7 For a reference to Louis Bonnaud as a pioneer of indigo see, Wilson, Minden, History of Behar Indigo Factories, Reminiscences of Behar, Tirhoot and Its Inhabitants of the Past (Calcutta: The Calcutta Oriental Printing Company, 1908), pp. 6572; Phipps, John, A Series of Treatises on the Principal Products of Bengal No. 1, Indigo (Calcutta: Baptist Mission Press, 1832), p. 8. The mention of Francois Grand comes in a later account: Filgate, T. R., ‘The Bihar Planters’ Association, Ltd.’, in Wright, Arnold (ed.), compiled by Somerset Playne, Bengal and Assam Behar and Orissa: Their History, People, Commerce, and Industrial Resources (London: The Foreign and Colonial Compiling and Publishing Company, 1917), pp. 268351, quote on p. 268.

8 Bancroft, Edward, Experimental Researches containing the Philosophy of Permanent Colours and the Best Means of Producing them, by Dyeing, Calico Printing & c., Vol. 1 (Philadelphia: Thomas Dobson, 1814), pp. 123126 and notes.

9 The phrase ‘greater Caribbean’ broadly refers to the seas and landmasses from the Antillean islands to Central and South America. The western part of this zone was under the supremacy of the Spaniards.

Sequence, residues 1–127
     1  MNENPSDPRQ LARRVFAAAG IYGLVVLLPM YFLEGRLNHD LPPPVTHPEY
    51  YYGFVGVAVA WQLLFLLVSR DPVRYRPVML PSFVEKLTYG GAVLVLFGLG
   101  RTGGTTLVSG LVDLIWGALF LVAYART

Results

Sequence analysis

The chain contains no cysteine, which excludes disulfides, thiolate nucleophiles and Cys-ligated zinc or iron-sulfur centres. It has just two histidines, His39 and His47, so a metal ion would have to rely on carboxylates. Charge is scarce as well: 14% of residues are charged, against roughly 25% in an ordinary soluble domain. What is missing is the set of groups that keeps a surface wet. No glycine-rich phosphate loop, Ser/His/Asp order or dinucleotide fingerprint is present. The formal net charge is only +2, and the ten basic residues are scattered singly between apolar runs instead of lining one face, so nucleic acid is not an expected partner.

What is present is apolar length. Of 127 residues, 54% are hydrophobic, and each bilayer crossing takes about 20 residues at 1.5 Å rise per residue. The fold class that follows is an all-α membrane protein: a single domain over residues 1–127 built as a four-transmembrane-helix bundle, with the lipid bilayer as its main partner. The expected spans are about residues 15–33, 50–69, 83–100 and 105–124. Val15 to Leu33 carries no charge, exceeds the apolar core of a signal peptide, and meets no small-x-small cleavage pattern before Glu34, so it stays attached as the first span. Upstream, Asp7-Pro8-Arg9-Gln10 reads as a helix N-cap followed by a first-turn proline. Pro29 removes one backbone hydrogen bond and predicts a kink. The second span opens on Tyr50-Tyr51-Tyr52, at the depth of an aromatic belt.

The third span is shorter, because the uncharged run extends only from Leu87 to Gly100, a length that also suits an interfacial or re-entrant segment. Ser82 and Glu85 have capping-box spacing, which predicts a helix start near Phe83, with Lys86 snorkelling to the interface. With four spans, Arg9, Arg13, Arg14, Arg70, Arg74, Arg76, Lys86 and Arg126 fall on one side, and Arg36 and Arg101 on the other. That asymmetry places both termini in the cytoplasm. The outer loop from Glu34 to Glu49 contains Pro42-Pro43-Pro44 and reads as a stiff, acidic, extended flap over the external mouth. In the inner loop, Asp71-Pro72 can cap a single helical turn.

10 Courtenay, P. P., Plantation Agriculture (New York: Praeger, 1969); Dunn, Richard S., Sugar and Slaves: The Rise of the Planter Class in the English West Indies, 1624–1713 (New York: W. W. Norton, 1972).

11 Dunn, Sugar and Slaves, pp. 168–170; Edwards, Bryan, The History Civil and Commercial of the British Colonies in the West Indies, to which is added An Historical Survey of the French Colony in the Island of St. Domingue (London: B. Crosby, 1798), pp. 77, 81.

12 Debates around enlightenment notions of cosmopolitan humanism coming from Immanuel Kant and a critique of the exclusionary nature of progress built on it partly inspire this analysis of knowledge accumulation in the face of power asymmetries. Immanuel Kant's philosophical category of cosmopolitanism appears in his writings like ‘Perpetual Peace’, ‘Idea for a Universal History with a Cosmopolitan Purpose’ and ‘On the Relationship of Theory to Practice in International Right Considered from a Universal Philanthropic, i.e., Cosmopolitan Point of View’. Friedrich, Carl J., The Philosophy of Kant: Immanuel Kant's Moral and Political Writings (New York: The Modern Library, 1949); Ernst Cassirer (ed.), translated by Haden, James, Kant's Life and Thought (New Haven and London: Yale University Press, 1981); H. Reiss (ed.), translated by Nisbet, H., Kant: Political Writings, (Cambridge: Cambridge University Press, 1991). Several commentaries on the political aspects of Kantian cosmopolitanism include Nussbaum, Martha S., ‘Kant and Stoic Cosmopolitanism’, Journal of Political Philosophy, 5, 1997, pp. 125; ‘Patriotism and cosmopolitanism’, in For Love of Country: Debating the Limits of Patriotism (Boston: Beacon, 1996); Archibugi, Danieleet al. (eds.), Debating Cosmopolitics (New York: Verso, 2003).